Servers by jDrones

RTK and general GNSS inaccuracies

(George Zogopoulos Papaliakos) #21

Happy new year, everyone!

I went through EKF3, traced the location update and populated the inner workings in the previous, aggregate post.
Please correct me if I have misunderstood any part of it.

The inner position state and output are expressed in NED and in meters, in float32. This means that there is plenty of resolution to accept RTK accuracy, being a bit conservative to account for flat-Earth modeling.

However, the GPS location is read from the GPS driver as the well-known int32_t degree*10^7 representation which kills all resolution below 11cm.
From my point of view, if somehow the GPS drivers could offer higher resolution, the EKF could happily oblige and produce better results.

One more thing: During the measurement update, the used position accuracy is set to:

float alpha = constrain_float(0.0002f * (lastTimeGpsReceived_ms - secondLastGpsTime_ms),0.0f,1.0f);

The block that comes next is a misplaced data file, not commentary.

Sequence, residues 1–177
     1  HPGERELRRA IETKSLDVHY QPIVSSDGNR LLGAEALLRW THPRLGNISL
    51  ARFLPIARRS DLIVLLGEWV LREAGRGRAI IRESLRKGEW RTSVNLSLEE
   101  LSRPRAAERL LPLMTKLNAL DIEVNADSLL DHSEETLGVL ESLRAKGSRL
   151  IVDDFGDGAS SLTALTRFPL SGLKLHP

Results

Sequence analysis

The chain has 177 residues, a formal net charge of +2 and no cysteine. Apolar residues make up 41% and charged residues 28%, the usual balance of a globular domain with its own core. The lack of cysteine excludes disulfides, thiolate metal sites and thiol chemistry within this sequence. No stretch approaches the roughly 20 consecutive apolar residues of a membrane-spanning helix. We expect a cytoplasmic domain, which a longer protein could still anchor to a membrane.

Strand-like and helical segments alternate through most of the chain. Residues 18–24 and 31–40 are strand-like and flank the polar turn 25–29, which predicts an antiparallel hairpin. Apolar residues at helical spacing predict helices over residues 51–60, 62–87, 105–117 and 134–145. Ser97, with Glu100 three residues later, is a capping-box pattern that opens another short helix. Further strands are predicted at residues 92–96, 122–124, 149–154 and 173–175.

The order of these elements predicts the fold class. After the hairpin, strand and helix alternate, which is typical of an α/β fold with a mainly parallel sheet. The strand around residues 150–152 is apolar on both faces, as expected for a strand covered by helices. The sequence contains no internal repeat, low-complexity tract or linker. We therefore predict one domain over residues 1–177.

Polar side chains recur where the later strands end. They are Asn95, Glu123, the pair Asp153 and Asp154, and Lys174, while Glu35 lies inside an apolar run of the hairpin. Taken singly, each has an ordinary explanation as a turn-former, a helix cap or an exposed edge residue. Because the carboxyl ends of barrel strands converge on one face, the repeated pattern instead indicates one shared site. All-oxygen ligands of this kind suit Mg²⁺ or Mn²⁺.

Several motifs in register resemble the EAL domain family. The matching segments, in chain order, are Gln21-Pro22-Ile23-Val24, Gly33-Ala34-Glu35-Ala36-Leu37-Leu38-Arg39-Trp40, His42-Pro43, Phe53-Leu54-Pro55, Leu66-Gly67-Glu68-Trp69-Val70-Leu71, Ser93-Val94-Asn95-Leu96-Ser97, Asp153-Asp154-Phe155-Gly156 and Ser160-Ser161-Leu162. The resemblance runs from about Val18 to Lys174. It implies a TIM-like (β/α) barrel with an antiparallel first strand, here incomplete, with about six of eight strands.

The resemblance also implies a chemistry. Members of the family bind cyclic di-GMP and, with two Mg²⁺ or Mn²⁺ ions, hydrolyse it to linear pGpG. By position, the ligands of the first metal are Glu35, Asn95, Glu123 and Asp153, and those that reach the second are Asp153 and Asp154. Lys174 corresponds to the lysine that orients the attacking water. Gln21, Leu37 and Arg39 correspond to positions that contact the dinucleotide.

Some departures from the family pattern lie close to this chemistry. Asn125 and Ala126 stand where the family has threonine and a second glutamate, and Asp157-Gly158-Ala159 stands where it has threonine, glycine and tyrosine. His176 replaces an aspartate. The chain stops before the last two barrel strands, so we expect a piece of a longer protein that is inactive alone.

gpsPosAccuracy *= (1.0f - alpha);
float gpsPosAccRaw;
if (!gps.horizontal_accuracy(gpsPosAccRaw)) {
    gpsPosAccuracy = 0.0f;
} else {
    gpsPosAccuracy = MAX(gpsPosAccuracy,gpsPosAccRaw);
    gpsPosAccuracy = MIN(gpsPosAccuracy,100.0f);

meaning that, depending on the size of gpsPosAccuracy its value may overshadow a better RTK accuracy.

On the other hand, if gpsPosAccuracy is actually smaller than the actual RTK accuracy, then the truncated RTK values, there is a mismatch between the final measurement uncertainty gpsPosAccuracy and the actual resolution of the GPS position.
This may result in an underperforming filter.

Of course, all of the above is probably already known to the EKF developers, but it was a good exercise for me and a piece of documentation I could not find elsewhere.

(George Zogopoulos Papaliakos) #22

Do you know if a dev could weigh in on this and give an opinion on how much of what I have written is true and how easily RTK precision could be added in the EKFs?

I have a friend who’s doing GIS professionally and is interested in it.

(Nathan E) #23

I’m not a developer, but @WickedShell might be able to weigh in on this. I’m guessing most of what you say is true, but I can’t say for sure.

In my opinion, improving the EKF accuracy down to the sub decimeter level would be neat, but most vehicles wouldn’t respond a lot differently due to other navigational inaccuracies (tuning, etc.).